June 30, 2012

Foodie penpal: June

I wish I remembered where I saw it, but I was reading a blog about a month or so ago and came across the most brilliant idea: bloggers sign up and then send a package to another blogger. Lovely, no? The theme is "foodies" - so the boxes are full of homemade goodies, or local specialties, or some ingredients to make an included recipe. It combines two of my loves: exploring food and getting mail. So of course, I signed up.

I sent my package to Leslie, a woman with a great blog called Bake This Cake - she does all sorts of vintage cake recipes. I'm super into old recipes, if you recall, and wish I wasn't mid-move, I would've sent her some retro cookbooks! As I've been entirely addicted to homemade trail mix lately, I sent her some individually portioned out bags with nuts, lots of different dried fruits, and these interesting Almond Joy candies I found at the store - I usually do coconut and chocolate chips, but with the heat in California, I was worried about them melting, so I used these instead, as they're sort of like M&Ms - I hoped the candy coating would keep better!

For the package I received, many many thanks go to Tina from Moms Crazy Cooking who sent me a variety of goodies from Trader Joe's, as well as a reusable grocery bag (always handy!) and a really lovely note congratulating me on my weight loss.

To tell the truth, I just went to Trader Joe's for the first time in March - there were a few in Chicago, but none near my apartment (though one opened within a few weeks of my relocation!). The closest one to me in California? Over an hour away. If I had a car, it would be worth the drive, for sure. It's a really neat place.

So, thank you Tina for the amazing package! I can't wait to see what July brings - being in Chicago, I can get way more creative with my outgoing mail now!

What about you? Have you ever had a penpal? Would you be interested in a blogger package swap like these? What are some local specialties you would include in your package?

Also: somewhat on the subject of vintage/retro recipes, I have a guest post going live either today or yesterday (I'm writing this in advance due to the big move this weekend!) on Mimi's retro Weight Watchers blog. I made a recipe from a 1974 issue of Weight Watchers magazine - let's just say ... it involves fish, melon, pickles. Go check it out!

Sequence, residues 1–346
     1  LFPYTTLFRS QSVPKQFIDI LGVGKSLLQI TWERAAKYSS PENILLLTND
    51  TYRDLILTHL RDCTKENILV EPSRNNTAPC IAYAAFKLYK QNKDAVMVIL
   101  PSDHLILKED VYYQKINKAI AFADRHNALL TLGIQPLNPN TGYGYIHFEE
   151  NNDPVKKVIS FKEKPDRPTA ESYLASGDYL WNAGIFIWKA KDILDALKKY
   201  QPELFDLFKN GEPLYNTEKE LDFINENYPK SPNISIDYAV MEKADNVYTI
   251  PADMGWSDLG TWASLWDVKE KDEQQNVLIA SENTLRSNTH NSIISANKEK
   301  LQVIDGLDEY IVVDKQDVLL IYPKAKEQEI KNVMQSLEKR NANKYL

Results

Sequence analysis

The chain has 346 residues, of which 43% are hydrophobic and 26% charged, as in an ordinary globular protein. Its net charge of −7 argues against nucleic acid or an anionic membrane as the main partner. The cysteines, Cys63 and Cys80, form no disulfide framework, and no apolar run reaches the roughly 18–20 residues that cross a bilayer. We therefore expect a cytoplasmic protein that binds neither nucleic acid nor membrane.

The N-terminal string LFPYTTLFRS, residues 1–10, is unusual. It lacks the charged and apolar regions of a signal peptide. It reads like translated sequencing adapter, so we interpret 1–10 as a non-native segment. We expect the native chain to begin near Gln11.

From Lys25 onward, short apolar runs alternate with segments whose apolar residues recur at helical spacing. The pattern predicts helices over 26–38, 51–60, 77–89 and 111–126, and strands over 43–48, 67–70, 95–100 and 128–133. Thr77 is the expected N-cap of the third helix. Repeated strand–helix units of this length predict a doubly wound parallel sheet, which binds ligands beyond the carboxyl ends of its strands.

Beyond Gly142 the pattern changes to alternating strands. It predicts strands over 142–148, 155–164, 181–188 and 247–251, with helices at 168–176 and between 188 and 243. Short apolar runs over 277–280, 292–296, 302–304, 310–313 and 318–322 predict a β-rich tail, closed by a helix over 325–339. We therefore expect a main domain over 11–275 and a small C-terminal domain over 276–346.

June 28, 2012


Besides a scheduled post for Saturday, I might be silent for a little while.

Today is the big day.

As soon as this post goes live, I'm shutting down my work laptop, handing it in, giving a final exam, then heading up to San Francisco for the night. My flight to Chicago - a one-way, at long last - leaves in the morning, about 25 hours from now.

I woke up this morning and ran four miles - my last run in California, at least as a resident. It was bittersweet. I have two usual routes that I run - I did the short one on Tuesday, the longer one this morning. And it was sad, I suppose, to realize this is the last time I'll run here. The last time I'll see these paths. Even if I return to California for a vacation, this is not likely a place I'll be stopping by. This is the end - an adieu, not an au revoir - and the idea of forever overwhelms me a bit.

I have been very anxious the past two weeks - getting rid of my belongings by either mailing them out to Chicago or selling them, getting everything in order for the big day. For today. The last piece of my Post-It note calendar came down, and I let out a very heavy sigh.

It doesn't feel like I imagined. At first I thought I would be thrilled to leave, then I wondered if I might feel a little sad. The overwhelming sensation this whole week has been not that I am moving, but rather, that I'm returning home after an extended, incredibly taxing vacation. But today, all I'm feeling is just a whole-body sense of peace. California is not where I belong forever, but for a short period of my life, it was where I was meant to be.

There's a brilliant quote by Zora Neale Hurston that my sister shared on her personal blog a few days ago:

There are years that ask questions, and years that answer.

I had a intensely transformative year from 2010 to 2011, one where I lost 150 pounds and changed an incredible number of things in my life. It left me with a feeling of success, but also, with a lot of questions. What happens next? What will the rest of my life in maintenance be like? Who is this smaller girl? What do I really want in life?

Today, at the end of my ten months on the West Coast, I find myself with a lot of ideas about how to respond to those issues and concerns - as well as with a series of all new things to consider.

I'm weighing in at 189 today, which is a loss of 18 pounds from January 1, but only 3 pounds since the last time I could call myself a Chicago resident. It's not ideal, it's not where I thought I'd be. But those have been, without question, the heaviest 3 pounds of my loss so far. And again, right now, I'm feeling nothing but peaceful.

June 25, 2012

Square one

Today has been a very strange day.